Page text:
CONCLUSION

Relying on our holding in Donner, the district court correctly granted summary judgment for Hobelman. The judgment of the district court is affirmed.

Affirmed.

I respectfully dissent.

This appeal turns on our application of § 54-601, which was revised in 1992 and provides in relevant part that

the owner or owners of any dog or dogs shall be liable for any and all damages that may accrue (1) to any person ․ by reason of having been bitten by any such dog or dogs and (2) to any person ․ by reason of such dog or dogs killing, wounding, injuring, worrying, or chasing any person or persons.

Prior to 1992, the word “injuring” was not in the statute. Given the current plain and unambiguous language of § 54-601, I would impose liability where a person was injured by a dog without regard to the intent of the dog at the moment of impact. Thus, in the instant case, I would reverse.

Donner v. Plymate,1 upon which the district court relied, was decided in 1975 under the 1961 version of the statute, which did not include the word “injuring.” At issue in Donner was whether the statute then in effect supported liability when a plaintiff was hurt by a dog that was simply being playful. In Donner, we noted that prior to passage of § 54-601 at common law, a plaintiff suing a dog owner for damage inflicted by a dog was required to prove that the dog owner had knowledge of the dangerous propensities of the dog.2 In other words, every dog was entitled to “ ‘one free bite.’ ”3 However, § 54-601 created a cause of action based upon strict liability on the part of a dog owner and we have consistently referred to § 54-601 as a strict liability statute.4

In Donner, we stated that the enactment of § 54-601 “removed the common law restriction of proving scienter or knowledge of the dangerous propensities of dogs, but only as it applied to the actions of dogs specified in the statute.”5 We then discussed the statutory terms then in effect, which created strict liability for damages inflicted by a dog that was biting, “killing, wounding, worrying, or chasing” a person or domestic animal.6 We examined the definitions of those terms, each of which we determined implied an aggressive act by the dog. We therefore concluded that when the words which were then present in the statute were read together, they impliedly excluded playful and mischievous acts of dogs.7

The language upon which we based our holding in Donner and subsequent cases was amended by 1992 Neb. Laws, L.B. 1011. Evidently, the Legislature found § 54-601 wanting and expanded the scope of § 54-601 to include liability for a dog's “injuring” of a person or domestic animal. We are now asked to examine and apply the language of § 54-601 as it was revised in 1992 to the facts of this case, which facts the parties agree involve an injury to Hobelman by a dog not acting viciously.

As an initial matter, we note that to “injure” someone simply means to “do physical harm or damage.”8 Thus, unlike the language we relied upon in Donner, injure does not imply intent, aggression, or malice on the part of the dog. In fact, the word “injury” is commonly used in law to describe the physical consequences of an accident,9 and the phrase “accidental injury” is regularly used and understood.10

We are aware that forms of the word “injuring” are used in other state statutes dealing with dogs harming humans. The courts in other states commonly conclude that where the word “injure” is included in the statute, strict liability is imposed without reference to the malice of the dog. In Boitz v. Preblich,11 the court stated that “[t]he statutory language [injuries] does not indicate a limitation to vicious attacks” and that “injuries inflicted by a dog outside the scope of a vicious attack are not, as a matter of law, excluded from coverage under the statute.”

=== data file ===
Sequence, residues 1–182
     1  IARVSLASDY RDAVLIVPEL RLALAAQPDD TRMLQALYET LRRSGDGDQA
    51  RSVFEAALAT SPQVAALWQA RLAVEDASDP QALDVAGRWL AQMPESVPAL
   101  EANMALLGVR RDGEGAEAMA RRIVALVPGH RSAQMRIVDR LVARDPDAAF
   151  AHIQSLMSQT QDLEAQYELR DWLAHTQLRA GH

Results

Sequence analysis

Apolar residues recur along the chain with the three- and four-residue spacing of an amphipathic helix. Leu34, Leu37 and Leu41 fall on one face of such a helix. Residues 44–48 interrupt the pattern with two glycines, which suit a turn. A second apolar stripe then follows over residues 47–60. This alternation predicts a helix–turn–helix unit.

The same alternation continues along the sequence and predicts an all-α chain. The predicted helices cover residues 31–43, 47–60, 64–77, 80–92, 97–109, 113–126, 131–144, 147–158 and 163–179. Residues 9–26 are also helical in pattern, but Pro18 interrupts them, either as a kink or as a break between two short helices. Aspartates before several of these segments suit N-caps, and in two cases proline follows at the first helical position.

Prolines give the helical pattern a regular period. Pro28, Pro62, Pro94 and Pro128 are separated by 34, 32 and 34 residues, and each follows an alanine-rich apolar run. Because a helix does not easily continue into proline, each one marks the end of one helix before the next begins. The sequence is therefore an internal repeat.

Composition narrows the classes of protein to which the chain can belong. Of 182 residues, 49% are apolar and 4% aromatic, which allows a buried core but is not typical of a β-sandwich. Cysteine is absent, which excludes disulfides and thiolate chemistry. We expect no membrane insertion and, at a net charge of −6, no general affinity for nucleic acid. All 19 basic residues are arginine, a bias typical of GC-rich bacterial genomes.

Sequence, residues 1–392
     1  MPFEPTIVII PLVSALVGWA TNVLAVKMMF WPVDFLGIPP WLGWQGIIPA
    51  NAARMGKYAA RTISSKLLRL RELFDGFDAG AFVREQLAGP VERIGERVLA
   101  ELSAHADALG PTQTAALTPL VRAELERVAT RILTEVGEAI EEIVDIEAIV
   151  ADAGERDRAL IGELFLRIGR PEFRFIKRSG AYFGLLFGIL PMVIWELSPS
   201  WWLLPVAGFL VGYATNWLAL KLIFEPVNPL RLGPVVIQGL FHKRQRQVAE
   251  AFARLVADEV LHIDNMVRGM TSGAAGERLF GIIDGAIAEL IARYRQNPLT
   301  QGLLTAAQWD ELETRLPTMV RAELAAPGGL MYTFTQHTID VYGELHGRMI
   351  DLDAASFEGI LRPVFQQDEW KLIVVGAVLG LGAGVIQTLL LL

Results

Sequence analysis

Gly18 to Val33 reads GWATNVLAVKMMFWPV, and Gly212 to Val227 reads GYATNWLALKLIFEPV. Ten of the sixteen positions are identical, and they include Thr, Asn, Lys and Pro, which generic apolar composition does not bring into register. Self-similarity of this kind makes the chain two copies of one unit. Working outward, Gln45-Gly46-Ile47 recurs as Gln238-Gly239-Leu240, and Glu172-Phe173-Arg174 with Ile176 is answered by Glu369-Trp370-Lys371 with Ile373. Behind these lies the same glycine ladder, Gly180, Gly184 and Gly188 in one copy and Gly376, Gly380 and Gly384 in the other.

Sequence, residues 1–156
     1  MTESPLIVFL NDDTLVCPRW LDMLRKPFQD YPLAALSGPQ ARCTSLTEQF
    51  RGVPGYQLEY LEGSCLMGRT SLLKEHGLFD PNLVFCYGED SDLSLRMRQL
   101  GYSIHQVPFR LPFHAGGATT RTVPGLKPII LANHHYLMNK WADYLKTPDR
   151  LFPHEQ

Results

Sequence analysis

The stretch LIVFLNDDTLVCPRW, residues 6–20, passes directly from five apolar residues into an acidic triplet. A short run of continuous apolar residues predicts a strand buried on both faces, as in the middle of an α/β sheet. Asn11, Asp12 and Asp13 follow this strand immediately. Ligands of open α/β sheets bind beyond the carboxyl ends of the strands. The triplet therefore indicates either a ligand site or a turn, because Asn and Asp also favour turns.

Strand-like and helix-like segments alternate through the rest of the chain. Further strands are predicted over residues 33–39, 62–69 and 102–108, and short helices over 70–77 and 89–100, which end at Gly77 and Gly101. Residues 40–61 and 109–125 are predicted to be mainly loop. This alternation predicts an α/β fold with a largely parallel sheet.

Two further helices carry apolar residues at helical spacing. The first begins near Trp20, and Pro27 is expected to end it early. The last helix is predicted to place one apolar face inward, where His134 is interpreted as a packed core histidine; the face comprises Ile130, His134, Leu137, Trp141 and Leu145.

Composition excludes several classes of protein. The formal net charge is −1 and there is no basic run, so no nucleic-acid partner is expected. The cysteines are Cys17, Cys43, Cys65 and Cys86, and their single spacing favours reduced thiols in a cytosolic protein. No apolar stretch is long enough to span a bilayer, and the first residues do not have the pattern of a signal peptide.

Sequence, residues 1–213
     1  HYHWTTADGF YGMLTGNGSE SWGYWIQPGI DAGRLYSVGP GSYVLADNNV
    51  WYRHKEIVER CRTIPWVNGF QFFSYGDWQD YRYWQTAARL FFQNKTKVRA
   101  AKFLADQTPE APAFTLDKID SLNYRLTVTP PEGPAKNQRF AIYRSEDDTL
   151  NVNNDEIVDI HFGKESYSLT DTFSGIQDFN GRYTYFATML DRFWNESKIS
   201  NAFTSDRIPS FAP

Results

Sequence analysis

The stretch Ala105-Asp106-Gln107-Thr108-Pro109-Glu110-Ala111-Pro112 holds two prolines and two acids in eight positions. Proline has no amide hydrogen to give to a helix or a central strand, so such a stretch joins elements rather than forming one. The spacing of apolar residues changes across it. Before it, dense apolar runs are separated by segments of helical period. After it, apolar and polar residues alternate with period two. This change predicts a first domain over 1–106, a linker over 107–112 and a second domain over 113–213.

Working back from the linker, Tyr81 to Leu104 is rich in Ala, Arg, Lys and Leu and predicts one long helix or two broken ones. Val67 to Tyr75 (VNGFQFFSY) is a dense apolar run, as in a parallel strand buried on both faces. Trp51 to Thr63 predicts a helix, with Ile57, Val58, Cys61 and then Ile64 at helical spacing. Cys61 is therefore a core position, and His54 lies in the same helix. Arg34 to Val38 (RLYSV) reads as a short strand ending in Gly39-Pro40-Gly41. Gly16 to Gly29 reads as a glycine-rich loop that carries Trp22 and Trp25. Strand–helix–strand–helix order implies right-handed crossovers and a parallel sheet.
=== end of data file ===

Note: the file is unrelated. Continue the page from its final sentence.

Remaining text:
In Donner, we reasoned that the actions listed in § 54-601 then in effect implied that our strict liability statute did not apply to playful or mischievous acts of dogs. Whatever may have been the merits of this court's reasoning in Donner, that reasoning is not applicable to the amended language of § 54-601, the plain language of which permits recovery for accidental injuries.

As noted, at common law, a dog owner was liable if he or she knew of a dog's “vicious or mischievous propensities” and failed to protect others from injury.12 Section 54-601 removed the common-law restriction of proving the owner's knowledge of the dog's propensities. Considering a similar development, the Florida Supreme Court observed in a dogbite case that “ ‘the subject [Florida] statute modified the common law, in that it makes the dog owner the insurer against damage by his dog with certain exceptions' ” and that the statute “ ‘supersedes the common law, only in those situations covered by the statute.’ ”13

By the addition of “injuring,” the current plain and unambiguous statutory language implies no distinction based upon whether the plaintiff's injury resulted from hostile or playful behavior on the part of the dog. The 1992 amendment to this strict liability statute added an additional situation which was covered by the statute and one which is not implicitly aggressive. Under § 54-601, liability will be imposed by reason of a dog injuring a person. As the court stated in Fifer v. Dix,14 “it is not our role to create exceptions to the operation of a strict liability statute by ‘implication or statutory construction.’ ” As the court stated in Meunier v. Ogurek,15 the liability of “dog owners depends on the terms of the statute, not on judge-made law.” The current terms of § 54-601 do not require the court, or the trier of fact, to make the difficult evaluation of a dog's intent in inflicting injury,16 although the trier of fact may be asked to decide whether the dog was provoked,17 or whether the plaintiff was aware of the dog's propensities and assumed the risk of injury.18 But those issues have not been presented in this appeal.

I conclude that the district court erred in entering summary judgment based upon this court's decision in Donner and not the plain language of the current version of § 54-601. And I would therefore reverse the judgment of the district court and remand the cause for further proceedings.

PER CURIAM.

WRIGHT, J., not participating.